I believe that there are issues, concerns, and events that require us to put our planned classes and lives on hold because it is imperative that we stop to take a good, long look at what kind of society we have created, what acts we permit and what acts we condemn. I believe that what is happening now in Baltimore, what happened in Madison and North Carolina and Ferguson, is one of those events. Racism is a real, institutional problem that urgently demands our attention, and we need to not only allow, but encourage our students (friends, family, acquaintances, colleagues) to talk about.

And I also believe that these issues, concerns, and events appear in our popular culture media, including games. I believe that the problem of institutionalized racism appeared in Grand Theft Auto V and BioShock Infinite and Dragon Age and Fallout 3, and that each of those games attempted to address the problems of institutionalized racism through different lenses, to force their players to consider the ramifications of permitting the status quo to continue unchecked.

I also believe that institutionalized racism is a problem in many of these games, GTAV and Infinite in particular, because those games don’t fully understand or respect the ramifications of their privileged assumptions about race, class, and gender. And it is important for us to keep talking about them in order to make those problems visible, not only in the games industry, but in the world which these games reflect.

So yes, we need to keep talking about games. We need to talk about the good games can do if they seek to encourage social change. We need to talk about the harm games can do if they perpetuate social injustices without taking a critical stance. We also need to talk about the very real, very upsetting, very harmful things happening to real people in the real world, and remember that games matter because of the real world.

Fantastic Believability: Diversity and the Fallacy of “Historical Accuracy”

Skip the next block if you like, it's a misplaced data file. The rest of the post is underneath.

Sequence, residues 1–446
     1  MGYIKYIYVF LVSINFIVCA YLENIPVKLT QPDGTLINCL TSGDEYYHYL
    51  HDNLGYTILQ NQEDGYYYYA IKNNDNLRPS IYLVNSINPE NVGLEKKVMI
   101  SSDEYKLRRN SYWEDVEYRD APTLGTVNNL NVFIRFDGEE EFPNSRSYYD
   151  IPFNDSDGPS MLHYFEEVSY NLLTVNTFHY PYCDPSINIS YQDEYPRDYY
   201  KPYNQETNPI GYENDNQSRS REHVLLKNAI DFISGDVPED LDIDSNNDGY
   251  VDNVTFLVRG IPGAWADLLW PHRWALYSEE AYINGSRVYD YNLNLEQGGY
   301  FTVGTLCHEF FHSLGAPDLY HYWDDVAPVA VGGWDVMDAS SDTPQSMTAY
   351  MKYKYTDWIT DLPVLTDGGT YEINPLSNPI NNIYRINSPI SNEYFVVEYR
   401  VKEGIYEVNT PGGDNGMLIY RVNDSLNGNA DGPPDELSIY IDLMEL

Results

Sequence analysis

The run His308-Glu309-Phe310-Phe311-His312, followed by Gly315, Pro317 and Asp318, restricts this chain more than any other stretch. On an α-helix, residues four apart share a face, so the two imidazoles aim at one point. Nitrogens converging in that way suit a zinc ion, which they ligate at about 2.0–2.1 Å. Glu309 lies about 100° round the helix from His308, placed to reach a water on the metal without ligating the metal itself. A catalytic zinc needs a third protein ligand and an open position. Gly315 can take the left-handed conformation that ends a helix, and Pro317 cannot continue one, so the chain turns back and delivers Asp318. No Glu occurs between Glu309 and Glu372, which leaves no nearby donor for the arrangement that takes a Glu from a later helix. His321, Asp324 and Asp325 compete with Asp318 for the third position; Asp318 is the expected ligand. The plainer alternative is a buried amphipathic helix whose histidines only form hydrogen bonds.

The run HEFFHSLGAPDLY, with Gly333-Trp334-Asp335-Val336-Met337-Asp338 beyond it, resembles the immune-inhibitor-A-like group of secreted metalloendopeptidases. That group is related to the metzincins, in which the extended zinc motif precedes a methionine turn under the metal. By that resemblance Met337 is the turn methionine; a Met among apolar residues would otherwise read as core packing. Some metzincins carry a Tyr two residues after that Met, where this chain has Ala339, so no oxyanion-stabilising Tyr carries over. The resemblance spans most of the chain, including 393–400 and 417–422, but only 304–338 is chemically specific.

There have been a lot of discussions lately – in interviews with developers, online, and in my classroom – about the notion of “historical accuracy” or “believability” and issues of diversity and representation. Among them are Golden Glitch’s in-progress game Elsinore, featuring a dark-skinned Ophelia, and an interview of BioShock developer Ken Levine with GameInformer,which has occasioned both praise and condemnation for its discussion of religion and autism. I’m not going to talk about this article specifically, but, rather, I want to address more broadly some of the notions we seem to have about “historical accuracy” and “believability” regarding media (tv and movies, as well as games).

People often make the argument that certain films, tv shows, and games include sexist or racist images for the sake of “historical accuracy” or “believability.” Assassin’s Creed, for instance, excuses its lack of female characters (particularly in Unity) with the remark that it wouldn’t be accurate. GTA games have often been excused for their sexism on account of the “believability” of their stories – because clearly crime must also contain prostitution and sexual violence. Even fans of Game of Thrones excuse its sexual violence with the assertion that sexism was a part of medieval life (to be fair, GoT also has some of the most kick-ass women on television, Brienne of Tarth and Arya Stark). My students accepted the racism and stereotypical dialects in BioShock Infinite as “historically accurate” to the game’s setting of 1912.